3. Kristi E. Swartz, 17 Aug 2017, 'Will V.C. Summer project restart? Probably not',

4. Thad Moore, Aug 2017, 'CEO: SCANA may not return to scuttled nuclear project — even if a new partner emerges',

5. Rod Adams, 17 Aug 2017, 'Is V.C. Summer really dead or is near term revival possible?',

6. John Downey, 22 Aug 2017, 'Senators told saving V.C. Summer project could take ‘a miracle'',

7. Amy Harder, 4 Aug 2017, 'Utility made failed plea for billion-dollar nuclear grant',

8. Thad Moore and Emma Dumain, 12 Aug 2017, 'Trump administration silent on demise of nuclear project it once called 'massively important'',

9. Avery Wilks, 16 Aug 2017, 'SCANA sticking with plans to abandon nuclear project, charge customers more', The State,

10. 19 Aug 2017, 'McMaster to Santee Cooper board: 'All options' on the table when it comes to possible sale',

11. Mark Nelson and Michael Shellenberger, 2 Aug 2017, 'Wind Energy Still More Expensive Than Nuclear Reactors Halted for Cost Overruns',

12. John Downey, 16 Aug 2017, 'SCANA sees little hope for reviving V.C. Summer nuclear project despite partner search',

13. 17 Aug 2017, 'Fate of US VC Summer NPP still uncertain',

14. Thad Moore, 21 Aug 2017, 'Santee Cooper has heard from 2 companies interested in joining V.C. Summer project, but neither is 'viable'',

15. 22 Aug 2017, 'Santee Cooper: Offers to Revive Summer Nuclear Expansion Not Viable',

16. Avery G. Wilks, 23 Aug 2017, 'SCE&G got state's OK for doomed nuclear project without a detailed construction schedule',

17. Jenna-Ley Harrison, 22 Aug 2017, 'Local senator promises to 'protect the ratepayers' after nuclear project ends',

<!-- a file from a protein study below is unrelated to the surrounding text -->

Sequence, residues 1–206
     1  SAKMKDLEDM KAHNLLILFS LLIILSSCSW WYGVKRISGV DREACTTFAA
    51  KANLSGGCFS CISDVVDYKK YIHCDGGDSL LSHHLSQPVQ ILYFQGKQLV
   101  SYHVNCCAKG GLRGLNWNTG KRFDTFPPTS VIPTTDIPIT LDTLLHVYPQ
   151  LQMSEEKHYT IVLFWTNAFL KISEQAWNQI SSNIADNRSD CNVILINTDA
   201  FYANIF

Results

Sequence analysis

18. Andrew Brown, 22 Aug 2017, 'SCANA CEO rushed from state Senate hearing as failure review begins on abandoned $9 billion nuclear plant project',

19. Leighton Lord, 21 Aug 2017, 'Here's why Santee Cooper started, stopped nuclear plants',

20. Cindi Ross Scoppe, 22 Aug 2017, 'How ‘waste not, want not' became ‘spend more, profit more'',

21. Chip Campsen, 15 Aug 2017, 'How the S.C. Legislature paved the way for nuclear mess',

22. Cheryl Rofer, 3 Aug 2017, 'A Job Well Done',

23. Chris Tomlinson, 3 Aug 2017, 'Nuclear power as we know it is finished',

24. James H. Holloway Jr., 20 Aug 2017, 'How nuclear opponents paved the way for SC law',

25. Sammy Fretwell, 12 Aug 2017, 'Warnings were raised years before utilities abandoned nuke project',

26. Mark Nelson and Michael Light, 31 July 2017, 'New South Carolina Nuclear Plant Would Cut Coal Use by 86%, New Analysis Finds',


28. Friends of the Earth, 22 Aug 2017, 'Friends of the Earth Files Unsolicited Testimony with South Carolina Legislature on Termination of Nuclear Reactor Project',

29. Friends of the Earth, 22 Aug 2017, 'Doomed from the Start: $9 Billion Reactor Construction Debacle due to Imprudence by South Carolina Electric & Gas (SCE&G) and Dereliction of Duty by the S.C. Public Service Commission and the Office of Regulatory Staff',